From the May/June 2020 issue of Acoustic Guitar | By Pat Moran

Inspired by fellow Canadian Lenny Breau, guitarist Jeff Gunn draws on jazz, flamenco, and Travis-style fingerpicking to tell a series of impressionist stories on his second solo album, Sonic Tales. While flamenco-derived golpes propel Gunn’s oblique narratives, harp-like harmonics shimmer like stars in the night sky to point the way ahead. It’s celestial navigation—with guitar.


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True to its title, “Beginnings” bursts out of the gate with tumbling rasgueado strumming and percussive effects that suggest enigmatic spirit-tapping. On “Luminescence,” spiraling glissandos alternate with climbing chords that reference the post-bop piano of Breau influence Bill Evans. A cascade of harmonics on the evocative “Starlight on a Winter’s Evening” jangles like the tintinnabulations of wind chimes caught in a sudden gust. Before the tune settles into a bouncy jazz melody swept along by legato picking, Gunn’s tricky time-signature-shifting strum on “Wonder” might make you wonder if the disc you’re playing is skipping.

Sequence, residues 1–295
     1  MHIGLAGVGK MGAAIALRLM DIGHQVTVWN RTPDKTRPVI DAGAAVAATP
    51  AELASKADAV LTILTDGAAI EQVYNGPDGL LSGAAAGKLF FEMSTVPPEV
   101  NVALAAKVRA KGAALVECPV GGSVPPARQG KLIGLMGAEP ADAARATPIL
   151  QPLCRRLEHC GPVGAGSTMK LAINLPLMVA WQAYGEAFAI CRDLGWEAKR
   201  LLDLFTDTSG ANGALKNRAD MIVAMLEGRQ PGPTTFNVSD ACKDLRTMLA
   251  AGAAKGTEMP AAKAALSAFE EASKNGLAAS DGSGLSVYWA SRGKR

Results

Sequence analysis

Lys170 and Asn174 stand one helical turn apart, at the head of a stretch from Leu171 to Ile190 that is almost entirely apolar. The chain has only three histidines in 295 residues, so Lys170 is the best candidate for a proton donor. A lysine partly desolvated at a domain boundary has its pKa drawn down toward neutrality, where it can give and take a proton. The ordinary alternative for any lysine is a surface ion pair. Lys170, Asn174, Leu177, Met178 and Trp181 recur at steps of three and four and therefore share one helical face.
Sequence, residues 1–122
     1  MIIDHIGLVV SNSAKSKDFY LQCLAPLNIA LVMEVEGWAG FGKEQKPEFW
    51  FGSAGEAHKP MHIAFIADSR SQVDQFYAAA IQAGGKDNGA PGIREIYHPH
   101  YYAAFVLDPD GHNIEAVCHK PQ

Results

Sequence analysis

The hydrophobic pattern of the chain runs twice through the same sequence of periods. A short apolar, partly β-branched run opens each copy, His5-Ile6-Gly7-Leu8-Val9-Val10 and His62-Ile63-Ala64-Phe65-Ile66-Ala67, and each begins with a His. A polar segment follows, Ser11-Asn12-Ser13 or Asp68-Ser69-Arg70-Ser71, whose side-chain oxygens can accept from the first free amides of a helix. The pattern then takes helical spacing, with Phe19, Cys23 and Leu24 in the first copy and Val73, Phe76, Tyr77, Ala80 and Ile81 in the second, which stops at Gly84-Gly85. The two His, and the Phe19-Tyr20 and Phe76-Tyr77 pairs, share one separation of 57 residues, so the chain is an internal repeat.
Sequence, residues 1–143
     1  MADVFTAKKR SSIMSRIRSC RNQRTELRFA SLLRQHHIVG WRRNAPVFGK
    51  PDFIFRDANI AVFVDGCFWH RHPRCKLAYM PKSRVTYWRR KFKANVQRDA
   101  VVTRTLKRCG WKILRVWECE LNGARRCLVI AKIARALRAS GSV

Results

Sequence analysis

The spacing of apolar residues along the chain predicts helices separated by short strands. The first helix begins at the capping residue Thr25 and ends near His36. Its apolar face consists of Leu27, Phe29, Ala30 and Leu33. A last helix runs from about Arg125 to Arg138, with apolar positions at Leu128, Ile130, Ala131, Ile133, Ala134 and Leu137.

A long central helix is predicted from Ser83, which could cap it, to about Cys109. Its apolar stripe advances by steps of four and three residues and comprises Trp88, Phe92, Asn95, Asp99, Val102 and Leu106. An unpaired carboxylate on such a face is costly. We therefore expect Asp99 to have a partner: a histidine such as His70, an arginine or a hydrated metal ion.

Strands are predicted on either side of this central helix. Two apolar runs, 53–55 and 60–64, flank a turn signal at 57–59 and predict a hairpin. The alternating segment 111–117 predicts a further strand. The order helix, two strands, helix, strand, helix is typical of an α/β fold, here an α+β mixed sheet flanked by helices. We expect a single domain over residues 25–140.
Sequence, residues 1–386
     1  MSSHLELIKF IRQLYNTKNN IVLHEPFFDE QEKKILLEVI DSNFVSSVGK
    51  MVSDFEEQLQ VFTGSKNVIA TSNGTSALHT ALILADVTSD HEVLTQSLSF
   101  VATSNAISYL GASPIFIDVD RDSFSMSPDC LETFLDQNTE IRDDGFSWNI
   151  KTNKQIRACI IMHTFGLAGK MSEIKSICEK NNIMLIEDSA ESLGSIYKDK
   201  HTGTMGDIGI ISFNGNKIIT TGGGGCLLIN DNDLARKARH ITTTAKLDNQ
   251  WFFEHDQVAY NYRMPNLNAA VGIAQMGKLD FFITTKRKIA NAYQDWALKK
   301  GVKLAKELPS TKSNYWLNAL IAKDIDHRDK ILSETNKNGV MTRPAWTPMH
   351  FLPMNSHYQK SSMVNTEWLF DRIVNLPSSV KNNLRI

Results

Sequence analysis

Two songs veer outside of Gunn’s chosen lane of haunting harmonics coupled with rippling percussion. A collaboration of three guitarists, “Universal Jam” entwines Gunn’s syncopated cross-picking with James Bryan’s jauntily strummed acoustic and Mark Pelli’s elastic bent-note electric lead. Gunn’s straightforward plangent picking propels the traditional Scottish tune “Loch Lomond.” Then, suddenly, bright harmonics pinwheel like energy from the Big Bang radiating out into space. With this nod to both the down-home and the cosmic, Gunn concludes his series of tales that evoke memories, mystery, and imagination. 


This article originally appeared in the May/June 2020 issue of Acoustic Guitar magazine.